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tirsdag den 4. juni 2013

Final Fantasy XII

This update got a little delayed. I wanted to connect it to some writing about Final Fantasy Tactics. Anyway. Here are some thoughts on Final Fantasy XII. I played it years ago and was greatly dismayed. But the aesthetics of the battle system drew me back and I discovered a very misunderstood game.

- - - - Final Fantasy XII - - - -

Story and mechanics are most often very separated in video games and very much so in Final Fantasy. But at least both made a wonderful, natural evolution with Final Fantasy XII.

Penny arcade lampooned the combat for masturbating, others think it "lacks" turn based mechanics.

A friend of mine once accused the narrative of being not epic enough. That's a personal preference, but I'd counter that the writer(s) didn't feel it necessary to fit the game into a Final Fantasy story-mold.

I'm mostly interested in the play, but I have to briefly touch on the narrative. The most important element to realize is that Vaan is not the main character. Neither is Balthier though he likes to claim it. Basch and Ashe are. Noting this makes the tale far more logical to follow.

Narrative and mechanics both evolve past old expectations into modern, yet still familiar and uniquely Final Fantasy and (for the mechanics at least) japanese territory.

I regard the defining character of japanese game design (for good and bad) as being rigidity. It makes it snappy, clear and a great contrast to many american and european games.

FFXII still has rigid combat mechanics. The player controls a group of people who can be instructed to react to enemies in a limited (but increasingly less so) manner. The automization lets me relax, enjoy the visuals and allows my units to continue by themselves while also allowing for higher-level strategy.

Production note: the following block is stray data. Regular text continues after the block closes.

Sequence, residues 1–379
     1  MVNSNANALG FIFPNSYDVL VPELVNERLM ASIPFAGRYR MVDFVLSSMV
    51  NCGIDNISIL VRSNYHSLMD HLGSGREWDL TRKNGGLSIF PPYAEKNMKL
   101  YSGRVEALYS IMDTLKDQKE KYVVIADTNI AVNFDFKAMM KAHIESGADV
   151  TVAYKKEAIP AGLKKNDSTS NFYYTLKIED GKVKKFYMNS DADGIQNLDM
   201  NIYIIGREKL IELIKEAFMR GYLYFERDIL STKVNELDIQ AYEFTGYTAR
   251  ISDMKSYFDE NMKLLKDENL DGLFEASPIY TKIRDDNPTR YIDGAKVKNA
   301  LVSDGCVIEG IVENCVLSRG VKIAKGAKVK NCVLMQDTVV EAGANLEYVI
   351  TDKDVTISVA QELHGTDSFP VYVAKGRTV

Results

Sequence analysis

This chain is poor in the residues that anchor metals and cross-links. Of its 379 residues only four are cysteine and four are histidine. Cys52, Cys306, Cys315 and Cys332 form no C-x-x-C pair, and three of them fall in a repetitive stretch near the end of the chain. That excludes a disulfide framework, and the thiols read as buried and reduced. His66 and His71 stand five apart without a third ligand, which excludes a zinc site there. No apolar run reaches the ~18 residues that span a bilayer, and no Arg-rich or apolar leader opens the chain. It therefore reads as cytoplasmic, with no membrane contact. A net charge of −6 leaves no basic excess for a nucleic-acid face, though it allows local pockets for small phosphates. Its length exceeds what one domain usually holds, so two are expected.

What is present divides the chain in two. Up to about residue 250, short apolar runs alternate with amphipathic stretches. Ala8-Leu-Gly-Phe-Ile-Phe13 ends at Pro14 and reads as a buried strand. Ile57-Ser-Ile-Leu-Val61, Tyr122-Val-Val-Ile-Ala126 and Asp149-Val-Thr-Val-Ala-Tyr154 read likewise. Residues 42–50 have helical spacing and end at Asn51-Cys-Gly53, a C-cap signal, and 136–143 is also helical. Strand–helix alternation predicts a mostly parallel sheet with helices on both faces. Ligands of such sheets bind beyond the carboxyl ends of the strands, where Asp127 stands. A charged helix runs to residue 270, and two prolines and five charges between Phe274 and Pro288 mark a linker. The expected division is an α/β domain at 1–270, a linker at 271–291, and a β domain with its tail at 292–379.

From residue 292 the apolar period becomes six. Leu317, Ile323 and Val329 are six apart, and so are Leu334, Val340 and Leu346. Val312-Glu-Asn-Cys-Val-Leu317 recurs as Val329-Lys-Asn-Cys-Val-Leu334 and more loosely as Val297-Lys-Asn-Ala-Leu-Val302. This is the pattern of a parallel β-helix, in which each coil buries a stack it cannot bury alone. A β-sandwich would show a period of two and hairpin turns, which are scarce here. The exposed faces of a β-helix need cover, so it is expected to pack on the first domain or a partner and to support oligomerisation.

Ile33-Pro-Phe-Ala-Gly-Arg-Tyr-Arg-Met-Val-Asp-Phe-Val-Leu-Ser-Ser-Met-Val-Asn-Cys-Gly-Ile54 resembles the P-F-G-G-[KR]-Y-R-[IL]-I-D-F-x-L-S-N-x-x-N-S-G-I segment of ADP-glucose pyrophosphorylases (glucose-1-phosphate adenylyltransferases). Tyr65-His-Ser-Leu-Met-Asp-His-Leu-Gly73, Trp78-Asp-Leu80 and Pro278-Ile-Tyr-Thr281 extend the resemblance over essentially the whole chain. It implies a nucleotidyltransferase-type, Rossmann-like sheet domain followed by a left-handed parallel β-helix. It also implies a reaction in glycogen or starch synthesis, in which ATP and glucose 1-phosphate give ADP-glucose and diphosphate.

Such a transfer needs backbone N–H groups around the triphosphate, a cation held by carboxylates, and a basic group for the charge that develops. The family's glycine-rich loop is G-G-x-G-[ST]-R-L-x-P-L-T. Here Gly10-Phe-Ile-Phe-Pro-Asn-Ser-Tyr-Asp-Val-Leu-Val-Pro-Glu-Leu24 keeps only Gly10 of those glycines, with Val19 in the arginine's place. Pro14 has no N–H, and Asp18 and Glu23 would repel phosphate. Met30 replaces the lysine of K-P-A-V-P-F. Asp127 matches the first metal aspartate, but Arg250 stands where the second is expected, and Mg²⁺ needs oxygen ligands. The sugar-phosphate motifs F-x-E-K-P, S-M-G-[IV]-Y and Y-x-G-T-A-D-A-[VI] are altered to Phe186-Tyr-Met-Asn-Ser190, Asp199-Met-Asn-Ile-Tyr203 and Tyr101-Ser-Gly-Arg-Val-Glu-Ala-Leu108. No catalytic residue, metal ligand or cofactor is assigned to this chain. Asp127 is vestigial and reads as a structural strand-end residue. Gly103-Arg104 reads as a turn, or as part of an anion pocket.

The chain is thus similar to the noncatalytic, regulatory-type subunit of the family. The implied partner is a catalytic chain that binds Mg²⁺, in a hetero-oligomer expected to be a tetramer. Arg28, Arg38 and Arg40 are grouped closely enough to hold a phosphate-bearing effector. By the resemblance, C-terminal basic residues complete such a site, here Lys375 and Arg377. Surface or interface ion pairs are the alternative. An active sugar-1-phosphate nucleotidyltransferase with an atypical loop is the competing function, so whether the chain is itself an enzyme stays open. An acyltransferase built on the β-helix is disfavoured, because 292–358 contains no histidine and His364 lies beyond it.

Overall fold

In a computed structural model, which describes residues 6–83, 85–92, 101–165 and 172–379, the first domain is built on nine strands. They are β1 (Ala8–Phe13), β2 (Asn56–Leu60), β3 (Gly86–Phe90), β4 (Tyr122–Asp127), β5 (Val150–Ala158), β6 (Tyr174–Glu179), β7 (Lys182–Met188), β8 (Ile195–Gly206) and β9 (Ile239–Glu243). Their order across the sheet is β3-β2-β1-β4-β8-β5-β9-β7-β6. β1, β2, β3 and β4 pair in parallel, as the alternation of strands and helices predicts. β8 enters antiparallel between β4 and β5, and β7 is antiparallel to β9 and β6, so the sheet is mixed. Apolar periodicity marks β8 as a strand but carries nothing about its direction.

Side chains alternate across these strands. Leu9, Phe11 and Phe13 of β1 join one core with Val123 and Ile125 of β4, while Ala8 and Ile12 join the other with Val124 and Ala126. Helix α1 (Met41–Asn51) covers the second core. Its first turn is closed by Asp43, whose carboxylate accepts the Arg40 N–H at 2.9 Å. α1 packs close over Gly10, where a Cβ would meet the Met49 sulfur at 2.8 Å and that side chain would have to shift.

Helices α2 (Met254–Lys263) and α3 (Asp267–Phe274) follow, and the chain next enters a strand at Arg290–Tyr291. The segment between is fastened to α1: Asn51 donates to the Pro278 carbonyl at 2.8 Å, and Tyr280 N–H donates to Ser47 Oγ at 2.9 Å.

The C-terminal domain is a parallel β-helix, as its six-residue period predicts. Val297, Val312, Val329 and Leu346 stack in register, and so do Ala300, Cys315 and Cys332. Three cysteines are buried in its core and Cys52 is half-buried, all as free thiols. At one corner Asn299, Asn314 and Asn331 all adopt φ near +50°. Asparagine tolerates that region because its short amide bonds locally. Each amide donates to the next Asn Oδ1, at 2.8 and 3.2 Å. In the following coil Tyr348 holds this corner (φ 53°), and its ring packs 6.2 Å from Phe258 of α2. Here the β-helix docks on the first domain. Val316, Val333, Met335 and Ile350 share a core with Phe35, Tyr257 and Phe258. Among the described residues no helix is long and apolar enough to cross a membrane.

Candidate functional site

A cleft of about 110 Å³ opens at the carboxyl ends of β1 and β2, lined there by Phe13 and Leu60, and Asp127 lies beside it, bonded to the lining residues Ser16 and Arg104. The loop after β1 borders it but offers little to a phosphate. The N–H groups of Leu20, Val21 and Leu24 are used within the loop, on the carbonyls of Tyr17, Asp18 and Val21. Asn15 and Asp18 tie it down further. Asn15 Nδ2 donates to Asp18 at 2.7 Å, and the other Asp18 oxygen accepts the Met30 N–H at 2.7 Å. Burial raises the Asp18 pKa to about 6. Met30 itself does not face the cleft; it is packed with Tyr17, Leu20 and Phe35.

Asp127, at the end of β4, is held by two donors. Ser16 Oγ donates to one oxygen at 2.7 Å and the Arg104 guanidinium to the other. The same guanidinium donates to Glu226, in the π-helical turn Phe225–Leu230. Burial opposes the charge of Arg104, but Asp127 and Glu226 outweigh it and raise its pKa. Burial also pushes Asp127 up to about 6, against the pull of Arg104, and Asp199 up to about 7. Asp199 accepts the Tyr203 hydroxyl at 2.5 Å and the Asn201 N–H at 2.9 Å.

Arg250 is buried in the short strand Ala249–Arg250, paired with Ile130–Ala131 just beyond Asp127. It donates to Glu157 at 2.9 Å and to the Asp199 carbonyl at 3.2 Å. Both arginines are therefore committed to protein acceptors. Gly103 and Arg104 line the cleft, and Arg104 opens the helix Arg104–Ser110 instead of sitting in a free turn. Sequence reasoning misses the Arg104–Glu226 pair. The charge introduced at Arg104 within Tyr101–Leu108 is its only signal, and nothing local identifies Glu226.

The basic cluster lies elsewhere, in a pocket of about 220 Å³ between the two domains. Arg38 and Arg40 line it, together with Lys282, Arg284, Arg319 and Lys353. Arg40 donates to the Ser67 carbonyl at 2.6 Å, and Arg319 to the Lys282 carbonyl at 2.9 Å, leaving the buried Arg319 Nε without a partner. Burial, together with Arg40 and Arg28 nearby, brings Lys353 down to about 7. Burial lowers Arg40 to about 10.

FFXII contains many systems that all point back in some way to its core battle system. They are functional and occasionally a little redundant. There are various ways to customize and take part in and contextulize the battles. This points towards the unified snappy rigidness I like to observe in japanese game design. It becomes easy to just take in the play experience: it's focused, aware of its roots and modern.

It becomes hard to be succint with a game like this. The work begs verbosity.  But what's important to note for enjoyment and appreciation, is that FFXII explores the core idea of  even the very first Final Fantasy: "How to digitalize the table-top rpg experience" while still respecting the traits of its history over the previous two-three decades. No longer hindered by the technology of that time but simultaneously equipped with the aesthetics, sensibilities and vocabulary of experience. 

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